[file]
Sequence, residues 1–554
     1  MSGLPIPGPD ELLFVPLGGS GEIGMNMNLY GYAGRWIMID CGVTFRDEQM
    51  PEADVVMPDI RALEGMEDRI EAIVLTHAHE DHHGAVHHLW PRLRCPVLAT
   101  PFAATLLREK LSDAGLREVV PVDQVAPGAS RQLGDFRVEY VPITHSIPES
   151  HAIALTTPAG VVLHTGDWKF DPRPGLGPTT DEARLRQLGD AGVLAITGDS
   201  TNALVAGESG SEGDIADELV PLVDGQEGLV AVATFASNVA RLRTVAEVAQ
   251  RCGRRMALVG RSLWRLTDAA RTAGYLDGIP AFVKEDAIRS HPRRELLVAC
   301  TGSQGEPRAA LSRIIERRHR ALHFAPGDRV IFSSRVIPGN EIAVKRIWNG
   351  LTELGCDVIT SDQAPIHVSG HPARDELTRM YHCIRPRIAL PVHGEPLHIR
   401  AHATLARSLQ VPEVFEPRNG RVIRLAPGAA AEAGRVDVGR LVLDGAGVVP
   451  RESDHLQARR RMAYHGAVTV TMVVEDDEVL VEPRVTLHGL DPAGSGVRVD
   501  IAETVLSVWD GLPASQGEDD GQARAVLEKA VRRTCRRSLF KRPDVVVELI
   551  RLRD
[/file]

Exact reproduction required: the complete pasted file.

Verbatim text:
Sequence, residues 1–554
     1  MSGLPIPGPD ELLFVPLGGS GEIGMNMNLY GYAGRWIMID CGVTFRDEQM
    51  PEADVVMPDI RALEGMEDRI EAIVLTHAHE DHHGAVHHLW PRLRCPVLAT
   101  PFAATLLREK LSDAGLREVV PVDQVAPGAS RQLGDFRVEY VPITHSIPES
   151  HAIALTTPAG VVLHTGDWKF DPRPGLGPTT DEARLRQLGD AGVLAITGDS
   201  TNALVAGESG SEGDIADELV PLVDGQEGLV AVATFASNVA RLRTVAEVAQ
   251  RCGRRMALVG RSLWRLTDAA RTAGYLDGIP AFVKEDAIRS HPRRELLVAC
   301  TGSQGEPRAA LSRIIERRHR ALHFAPGDRV IFSSRVIPGN EIAVKRIWNG
   351  LTELGCDVIT SDQAPIHVSG HPARDELTRM YHCIRPRIAL PVHGEPLHIR
   401  AHATLARSLQ VPEVFEPRNG RVIRLAPGAA AEAGRVDVGR LVLDGAGVVP
   451  RESDHLQARR RMAYHGAVTV TMVVEDDEVL VEPRVTLHGL DPAGSGVRVD
   501  IAETVLSVWD GLPASQGEDD GQARAVLEKA VRRTCRRSLF KRPDVVVELI
   551  RLRD